Warnings or special alerts ◦ Examples Refrigerate at all times Keep in a dry place ◦ Manufacturer ◦ Pharmacies
Check prior to administration Discard or return to pharmacy if expired
Important if drug is recalled Quickly identifies a particular group of medication packages
Classifies drugs according to potential for use and abuse ◦ Schedule I – highest potential for abuse ◦ Schedule V – lowest potential for abuse
Manufacturer National Drug Code Bar Code Review p 138 & 139
Additional practice on page 142- 148 Review set 21questions
Oral Dosage Calculations
Step 1 Convert Be sure that all measurements are in the same system and all units are in the same size, converting when necessary Step 2 Think Carefully consider what is the reasonable amount to administer Step 3 Calculate Dosage
Ordered: Flagyl 0.75 g p.o t.i.d You need to convert the 0.75 g to mg prior to calculating amount that you will be administering 0.75 g = 750 mg
Math Tips When solving dosage problems for drugs supplied in tablets or capsules, Q (quantity) is always 1 because the supply dosage is per 1 tablet or capsule. Therefore, Q = 1 tablet or capsule The maximum number of tablets or capsules for a single dose is usually 3.
Do not always rely on a formula. Always estimate what is a reasonable amount of the drug to be administered. This helps to identify if the dosages calculated are reasonable and sound.
Maximum dosage Average 150 lb adult = 3 mL Maximum for deltoid site is 2 Children age 6-12 years = 2 mL Children birth to age 5 years = 1 mL
Parenteral dosages Round amount to be administered to tenths if amount greater than 1 mL. Use a 3 mL syringe Amounts less than 1 mL rounded to hundredths. Use a 1 mL syringe for all amounts less than 0.5 mL
Parenteral dosages Amounts of 0.5 mL to 1 mL calculated in tenths can be accurately measured in either a 1 mL or a 3 mL syringe
Brand Name Storage Expiration Date Type Generic Name Species Manufacturer Concentration
Supply dosage of insulin is 100 units per mL Abbreviated on label as U-100 Syringe must also be U-100
Accuracy is critical Nurses must understand and correctly interpret insulin order and label The correct syringe must be selecte d
40 units NPH Units-100 insulin 12 units Regular Units -100 insulin Total insulin dosage = 52 units
1.Inject 30 units of air. 2. Inject 10 units of air.
3. Withdraw 10 units regular. 4. Withdraw 30 units NPH for a total of 40 units.
1) Inject 30 U air 2) Inject 10 U air 3) Withdraw 10 U Regular 4) Withdraw 30 U NPH For a total of 40 U
When a fraction expresses the strength of a solution, made from a liquid concentration 1. The numerator of the fraction is the number of parts of the solute. 2. The denominator of the fraction is the total number of parts of the solution. 3. The difference between the denominator(final solution) and the numerator (parts of solute) is the number of parts of solvent.
Solute- a concentrated or solid substance to be dissolved or diluted. Solvent- is the diluent used to dissolve the solute Solution- the resulting mixture of a solute plus a solvent
Example ¼ strength reconstituted OJ made from canned frozen concentrate ¼ strength =1 part frozen juice concentrate 4 parts total reconstituted OJ 1 part -OJ concentrate (solute, numerator) 4 parts- total reconstituted OJ ( solution, denominator) 4-1 = 3 parts water (solvent)
Example 1 ⁄ 3 strength formula 1 part concentrate formula (solute) 3 parts total solution 3-1= 2 parts solvent (water)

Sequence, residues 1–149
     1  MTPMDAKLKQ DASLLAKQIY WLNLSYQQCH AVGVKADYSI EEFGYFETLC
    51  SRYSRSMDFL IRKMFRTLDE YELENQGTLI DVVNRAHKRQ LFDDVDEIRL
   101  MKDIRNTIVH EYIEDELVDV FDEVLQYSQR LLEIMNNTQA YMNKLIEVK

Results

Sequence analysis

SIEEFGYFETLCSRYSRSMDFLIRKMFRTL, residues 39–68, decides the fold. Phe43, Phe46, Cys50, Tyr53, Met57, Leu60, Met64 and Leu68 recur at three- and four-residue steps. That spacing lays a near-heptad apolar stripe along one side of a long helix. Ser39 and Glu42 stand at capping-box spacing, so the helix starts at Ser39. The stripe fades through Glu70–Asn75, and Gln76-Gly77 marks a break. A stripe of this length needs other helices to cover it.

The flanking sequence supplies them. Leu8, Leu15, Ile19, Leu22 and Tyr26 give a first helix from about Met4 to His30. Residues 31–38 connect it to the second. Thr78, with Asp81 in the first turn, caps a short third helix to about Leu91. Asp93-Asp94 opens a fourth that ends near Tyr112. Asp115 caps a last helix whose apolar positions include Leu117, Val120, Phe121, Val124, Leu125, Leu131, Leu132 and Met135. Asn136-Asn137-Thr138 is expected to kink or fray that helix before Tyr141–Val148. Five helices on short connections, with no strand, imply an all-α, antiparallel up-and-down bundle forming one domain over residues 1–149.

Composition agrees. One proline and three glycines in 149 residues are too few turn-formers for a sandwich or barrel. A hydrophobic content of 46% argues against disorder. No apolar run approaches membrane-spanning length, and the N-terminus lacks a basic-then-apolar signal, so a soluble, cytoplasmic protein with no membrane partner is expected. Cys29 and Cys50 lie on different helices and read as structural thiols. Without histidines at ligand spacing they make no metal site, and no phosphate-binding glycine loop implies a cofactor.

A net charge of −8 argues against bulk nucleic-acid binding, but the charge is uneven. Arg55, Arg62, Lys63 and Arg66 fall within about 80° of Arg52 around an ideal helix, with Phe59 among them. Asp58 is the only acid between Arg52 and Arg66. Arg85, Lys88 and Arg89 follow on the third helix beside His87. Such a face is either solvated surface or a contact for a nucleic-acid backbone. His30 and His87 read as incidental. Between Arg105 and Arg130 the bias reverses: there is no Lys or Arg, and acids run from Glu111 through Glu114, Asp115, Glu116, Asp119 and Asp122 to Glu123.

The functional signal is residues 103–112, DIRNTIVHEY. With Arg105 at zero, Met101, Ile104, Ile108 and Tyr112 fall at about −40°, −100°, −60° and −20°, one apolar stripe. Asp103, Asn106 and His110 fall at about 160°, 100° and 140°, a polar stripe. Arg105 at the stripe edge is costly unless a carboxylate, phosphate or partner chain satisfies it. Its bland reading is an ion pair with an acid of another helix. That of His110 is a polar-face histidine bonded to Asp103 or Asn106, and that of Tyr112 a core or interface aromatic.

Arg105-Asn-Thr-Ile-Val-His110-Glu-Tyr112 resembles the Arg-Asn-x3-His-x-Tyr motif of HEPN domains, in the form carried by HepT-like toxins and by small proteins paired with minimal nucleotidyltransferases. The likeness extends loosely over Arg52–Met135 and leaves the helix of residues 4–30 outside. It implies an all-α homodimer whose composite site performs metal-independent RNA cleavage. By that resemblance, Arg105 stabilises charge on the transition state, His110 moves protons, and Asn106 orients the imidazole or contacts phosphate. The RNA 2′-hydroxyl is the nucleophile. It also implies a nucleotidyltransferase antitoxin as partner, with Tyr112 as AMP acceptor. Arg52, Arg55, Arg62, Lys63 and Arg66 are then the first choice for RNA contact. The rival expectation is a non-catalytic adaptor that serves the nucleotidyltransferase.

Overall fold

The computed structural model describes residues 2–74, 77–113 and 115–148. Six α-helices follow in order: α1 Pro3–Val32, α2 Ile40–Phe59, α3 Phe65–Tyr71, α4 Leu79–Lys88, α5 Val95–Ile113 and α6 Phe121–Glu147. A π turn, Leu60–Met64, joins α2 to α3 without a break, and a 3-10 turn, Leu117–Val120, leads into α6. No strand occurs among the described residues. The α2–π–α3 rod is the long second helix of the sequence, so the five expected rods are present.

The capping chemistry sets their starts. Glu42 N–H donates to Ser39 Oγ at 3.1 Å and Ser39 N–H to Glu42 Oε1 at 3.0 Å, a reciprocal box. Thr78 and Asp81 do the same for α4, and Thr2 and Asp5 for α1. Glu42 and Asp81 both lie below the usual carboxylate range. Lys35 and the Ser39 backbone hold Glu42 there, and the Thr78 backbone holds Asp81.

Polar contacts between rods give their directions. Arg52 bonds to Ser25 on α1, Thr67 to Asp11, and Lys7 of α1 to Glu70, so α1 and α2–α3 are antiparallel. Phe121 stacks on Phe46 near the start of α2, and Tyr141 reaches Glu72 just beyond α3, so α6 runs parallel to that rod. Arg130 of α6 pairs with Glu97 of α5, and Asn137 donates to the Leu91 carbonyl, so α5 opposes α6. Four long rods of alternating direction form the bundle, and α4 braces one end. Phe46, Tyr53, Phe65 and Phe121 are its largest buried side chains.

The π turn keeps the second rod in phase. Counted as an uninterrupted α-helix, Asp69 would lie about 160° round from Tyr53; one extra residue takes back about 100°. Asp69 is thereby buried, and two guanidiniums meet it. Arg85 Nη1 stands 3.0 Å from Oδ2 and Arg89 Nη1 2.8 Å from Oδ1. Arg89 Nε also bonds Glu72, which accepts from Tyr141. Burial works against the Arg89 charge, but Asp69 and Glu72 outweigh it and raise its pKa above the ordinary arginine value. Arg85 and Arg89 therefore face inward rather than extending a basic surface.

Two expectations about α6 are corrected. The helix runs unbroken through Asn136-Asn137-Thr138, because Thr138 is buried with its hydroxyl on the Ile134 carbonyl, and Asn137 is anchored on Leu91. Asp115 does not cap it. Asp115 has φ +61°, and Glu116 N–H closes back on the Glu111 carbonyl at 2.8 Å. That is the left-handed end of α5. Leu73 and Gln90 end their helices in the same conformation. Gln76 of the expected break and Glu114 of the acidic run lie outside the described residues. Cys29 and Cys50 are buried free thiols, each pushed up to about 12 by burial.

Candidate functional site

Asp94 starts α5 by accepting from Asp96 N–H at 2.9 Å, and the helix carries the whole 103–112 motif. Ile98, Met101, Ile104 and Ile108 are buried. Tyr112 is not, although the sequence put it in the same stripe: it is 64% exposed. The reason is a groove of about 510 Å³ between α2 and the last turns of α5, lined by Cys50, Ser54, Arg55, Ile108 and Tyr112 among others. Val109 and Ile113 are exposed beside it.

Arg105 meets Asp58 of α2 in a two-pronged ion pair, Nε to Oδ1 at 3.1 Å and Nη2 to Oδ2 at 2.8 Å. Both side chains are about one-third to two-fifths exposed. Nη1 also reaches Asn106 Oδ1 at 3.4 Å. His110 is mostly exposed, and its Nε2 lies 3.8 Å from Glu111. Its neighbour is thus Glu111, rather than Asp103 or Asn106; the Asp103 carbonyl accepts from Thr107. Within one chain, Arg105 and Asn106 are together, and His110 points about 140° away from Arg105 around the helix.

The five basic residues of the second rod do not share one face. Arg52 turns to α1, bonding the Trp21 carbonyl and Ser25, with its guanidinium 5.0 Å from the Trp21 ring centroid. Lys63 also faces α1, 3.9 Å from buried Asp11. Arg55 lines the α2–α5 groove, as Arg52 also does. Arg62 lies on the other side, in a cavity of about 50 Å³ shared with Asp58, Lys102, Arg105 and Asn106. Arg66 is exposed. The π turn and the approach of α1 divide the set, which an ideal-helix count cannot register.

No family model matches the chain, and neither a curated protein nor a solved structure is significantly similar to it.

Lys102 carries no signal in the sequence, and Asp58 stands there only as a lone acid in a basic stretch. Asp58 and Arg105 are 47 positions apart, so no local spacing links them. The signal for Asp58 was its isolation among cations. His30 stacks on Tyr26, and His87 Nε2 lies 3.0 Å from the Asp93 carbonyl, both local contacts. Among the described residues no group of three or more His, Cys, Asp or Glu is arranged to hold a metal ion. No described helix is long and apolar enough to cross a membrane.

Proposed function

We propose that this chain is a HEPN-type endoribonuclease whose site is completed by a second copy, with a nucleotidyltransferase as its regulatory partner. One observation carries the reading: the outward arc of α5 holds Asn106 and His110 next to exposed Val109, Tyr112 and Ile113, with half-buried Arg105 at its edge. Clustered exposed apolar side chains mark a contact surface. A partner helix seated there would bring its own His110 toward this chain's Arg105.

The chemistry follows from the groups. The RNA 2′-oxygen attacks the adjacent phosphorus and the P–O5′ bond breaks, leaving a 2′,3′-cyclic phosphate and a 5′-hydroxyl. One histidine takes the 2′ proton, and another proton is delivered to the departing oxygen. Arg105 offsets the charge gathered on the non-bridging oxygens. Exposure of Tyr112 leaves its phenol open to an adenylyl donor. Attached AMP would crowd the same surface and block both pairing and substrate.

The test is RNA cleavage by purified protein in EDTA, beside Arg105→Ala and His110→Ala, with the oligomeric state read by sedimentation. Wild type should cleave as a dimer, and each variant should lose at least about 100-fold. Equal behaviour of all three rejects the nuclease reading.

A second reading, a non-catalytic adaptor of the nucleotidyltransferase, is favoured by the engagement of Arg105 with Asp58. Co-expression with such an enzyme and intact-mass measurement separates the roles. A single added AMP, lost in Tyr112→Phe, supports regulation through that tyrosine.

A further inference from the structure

Remember to convert all fluids to the same equivalent when necessary. Example: Order Ensure ¼ strength 120mL for 3 feedings (Stock 4 fl oz can) Step 1 convert fluid to same equivalent 4 fl oz x 30mL/fl oz = 120mL ensure concentrate
Step 2 calculate solute, solvent, and total solution 1 part solute(ensure) of 360 = 90 mL 4 parts solution ( solute and solvent) (3 feeding of 120 mL ¼ feeding = 120 x 3= 360 mL) 4-1= 3 parts solvent 270mL
Convert child’s weight from lb.'s to kg’s and round answer to tenths Example 45lb ÷ 2.2 lb/kg= 20.45 rounded to 20.5 Example Convert 10 lb 12 oz to kg First convert ounces to lb 12 oz ÷16 oz/lb= 12/16 = ¾ lb= 0.75 lb 10.75 lb ÷ 2.2 lb/kg = 4.88 rounded to 4.9
Second step: multiply mg/kg by child’s weight in kg. Example Order Morphine Sulfate 0.05 mg/kg per dose Childs weight 35.9 kg 0.05 mg/kg/dose x 35.9 kg = 1.79 mg/dose Rounded to 1.8 mg/dose
Peripheral ◦ Rate of infusion should not exceed 200 mL in one hour Central line ◦ Accommodates larger concentrations and volumes of fluid
Regulate an IV volume by electronic infusion pump or controller calibrated in mL per hour (rounded to a whole number)
Order reads: D 5 W 250 mL IV over the next two hours by infusion pump
Step 1: Think Pump is set by the rate of mL per hour So, if 250 mL is to be infused in two hours, how much will be infused in one hour?
Step 2: Use the formula: – Set pump at 125 mL per hour – Set total volume to infuse at 250 mL
(rounded to a whole number)
Order: ◦ Ampicillin 500 mg IV in 50 mL D 5 NS to infuse over 30 min via infusion pump
50mL X 60 min/h = 100 mL/h 30 min Set infusion pump to infuse at 100 mL/h with an infusion volume of 50 mL
Step 1: Calculate infusion volume for 1h (Volume ordered ÷by number of hours to infuse) round this answer to a whole number Step 2: V x Drop factor= qtt/min T
Physician orders: ◦ D 5 W IV at 125 mL per hour Infusion set is calibrated for a drop factor of 10 drops per mL Calculate IV flow rate in drops per min Notice that the mL cancel out, leaving drops per min
6 1 Use your watch to count drops and adjust roller clamp to deliver 21 drops per min
Order: D 5 W NS IV at 50 mL per h Drop factor is 60 drops per mL Notice order, 50 mL per hour, is the same as the flow rate of 50 drops per min when drop factor is 60 drops per mL